Translation in all Senses

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‘But through the endless afternoon
These neither speak nor movement make.
But stare into their deepening trance
As if their grace would never break.’

Edwin Muir

Metaphor: the most fascinating element of language. This photograph of the beautiful silver machine to be found in one of the laboratories at Goggerddan, Aberystwyth is set to transform food science and how and what we eat. Seeing it for the first time a few weeks ago, its intricacies of tubes and wires reminded me of  how both science and language abound in metaphors to perceive and describe abstract concepts, and as human culture becomes more and more complex so new means of expression assert themselves. Take  flora; its Latin indicants as well common English names such as, Queen Anne’s Lace , buttercup, ladies-slipper , all concrete metaphors that express our powers of perception about the world around us and our understanding of it. The etymologies of words  like the  convolutions of the seed machine pictured above and which in turn contain a type of ‘divine knowledge’ : It resembles, I think, a nervous system, out of which imaginative possibilities are realised.

. . . all good poets, epic as well as lyric, composed their beautiful poems not by art, but because they are inspired and possessed . . . there is no invention in him until he has been inspired and is out of his senses and the mind is no longer in him.’ So said Plato in Io and his sentiments were answered by Shelley in his  A Defense of Poetry:

A man cannot say, “I will compose poetry.” The greatest poet even cannot say it; for the mind in creation is as a fading coal, which some invisible influence, like an inconstant wind, awakens to transitory brightness . . . and the conscious por- tions of our natures are prophetic either of its approach or its departure.’  

The poet, unravels thought, the scientist DNA . The impulse and being come from each other. The verb ‘to be’  comes from the Sanskrit bhu, ‘to grow or to make grow’ while the English forms ‘am‘ and ‘is’ have evolved from the  Sanskrit ‘asmi‘ to breathe. What a lovely thought that the most commonplace of our verbs are records of the time when humans had no independent word for ‘existence’ and could only utter that something ‘grows’ or ‘breathes’. Whilst we may not be conscious that ‘being’ is generated from a metaphor about breathing and growing, new conjunctions bring about new kinds of relatedness and new kinds of emergents.

‘ The one note all the leaves make as rain runs over them,

The leaf-note that winds into the deep sough of the trunk

That unwinds along all the root-tapers, down into the atoms… branching canopies

Of lights and ethers’

Peter Redgrove from Four Tall Tales

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conserving ancient pathways in red and blue

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Gardeners are absent from the greenhouses at Goggerddan, Aberystwyth. Instead plants are tended in a different way, moving along a conveyor belt and given nutrients and water at specific intervals. Every so often plants are photographed and the details recorded. When a plant becomes hot, for example, it closes its pores to prevent water from escaping: such details are detected by infrared cameras. This is Phenomics: the study of an organism’s physical and biomechanical characteristics.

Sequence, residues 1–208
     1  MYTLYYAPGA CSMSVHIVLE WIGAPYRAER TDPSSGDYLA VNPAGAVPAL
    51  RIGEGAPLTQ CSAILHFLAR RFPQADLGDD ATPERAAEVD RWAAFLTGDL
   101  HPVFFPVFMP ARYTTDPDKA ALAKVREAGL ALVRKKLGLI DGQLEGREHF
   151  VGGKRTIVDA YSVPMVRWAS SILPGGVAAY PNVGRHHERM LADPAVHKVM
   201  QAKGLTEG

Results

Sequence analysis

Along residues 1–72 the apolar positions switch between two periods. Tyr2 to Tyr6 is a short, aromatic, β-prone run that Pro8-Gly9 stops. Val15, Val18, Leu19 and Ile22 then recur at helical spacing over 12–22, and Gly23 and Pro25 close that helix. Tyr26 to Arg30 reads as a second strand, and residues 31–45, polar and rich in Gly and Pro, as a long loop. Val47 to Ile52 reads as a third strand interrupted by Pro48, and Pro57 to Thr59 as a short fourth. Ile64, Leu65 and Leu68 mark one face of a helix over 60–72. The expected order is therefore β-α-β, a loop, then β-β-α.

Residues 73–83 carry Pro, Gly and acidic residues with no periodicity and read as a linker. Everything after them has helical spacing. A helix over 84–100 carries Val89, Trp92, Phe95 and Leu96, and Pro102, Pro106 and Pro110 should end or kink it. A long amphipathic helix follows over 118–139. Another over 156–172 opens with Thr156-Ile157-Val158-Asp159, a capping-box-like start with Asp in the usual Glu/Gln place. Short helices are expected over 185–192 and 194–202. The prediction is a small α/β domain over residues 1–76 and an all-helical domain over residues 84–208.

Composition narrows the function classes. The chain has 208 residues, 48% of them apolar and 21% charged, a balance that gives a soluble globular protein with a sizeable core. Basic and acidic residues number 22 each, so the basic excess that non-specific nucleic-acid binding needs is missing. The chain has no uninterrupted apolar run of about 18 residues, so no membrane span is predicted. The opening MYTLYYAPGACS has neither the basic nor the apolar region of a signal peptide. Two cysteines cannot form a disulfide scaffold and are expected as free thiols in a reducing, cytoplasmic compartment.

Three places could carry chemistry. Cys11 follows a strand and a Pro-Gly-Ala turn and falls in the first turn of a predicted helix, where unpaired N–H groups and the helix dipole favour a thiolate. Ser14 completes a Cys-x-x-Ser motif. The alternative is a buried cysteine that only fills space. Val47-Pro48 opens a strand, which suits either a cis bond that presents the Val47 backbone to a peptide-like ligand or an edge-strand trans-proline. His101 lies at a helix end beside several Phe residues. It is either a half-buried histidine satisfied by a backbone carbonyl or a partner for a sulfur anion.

The human genome project brought a surge of experimentation and allowed scientists to uncover the DNA of every living thing. Such science will change lives by helping to feed the extra millions of people likely to populate the planet in the coming decades,as well as encouraging plants to deal with the extreme weather climate change will bring.

Understanding the string of ‘letters’ is a complicated business and how the various genetic sequences connect to heritable traits, and discovering and understanding how these genotypes affect attributes such as drought tolerance and speed of growth has been much slower in progress. This crop breeding is not genetic modification but a means of removing the trial and error processes of earlier times when looking at a group of plants and measuring a single plant leaf in an experiment could take up to two days. Now, the ‘imaging cabins’ provide accurate measurements and much more besides, such as calculating the amount of water a plant may take in over a period of time, its temperature and its ability to photosynthesise. These plants will be our food and may also become fuel for cars. The plants are uniquely identified and are individually watered and fed.The plants are observed to detect minute changes in their processes and the adaptations are noted. Our food at present is subject to being encouraged to grow by the use of synthetic fertilisers: expensive to produce and the reserves of key nutrients such as phosphorus is beginning to deplete. The work at Goggerddan intends to identify the genes that will help the plants to adapt to climatic conditions by being hardier and more productive. There is a quiet revolution going on in these greenhouses in Wales.


John Evelyn’s Greene-house 1664.

Evelyn is credited with the introduction of the word ‘conserve ‘to mean Green-house, short for Conservatory. He is also credited with introducing the word Greene-house in 1664. The two words gradually came to have different meanings

Evelyn spoke of the ‘excellent Botanist Mr Ray, who said, ‘The Use of Plants is all our Life long of that universal Importance and Concern, that we can neither live nor subsist in any Plenty with Decency or Conveniency or be said to live indeed at all without them…’


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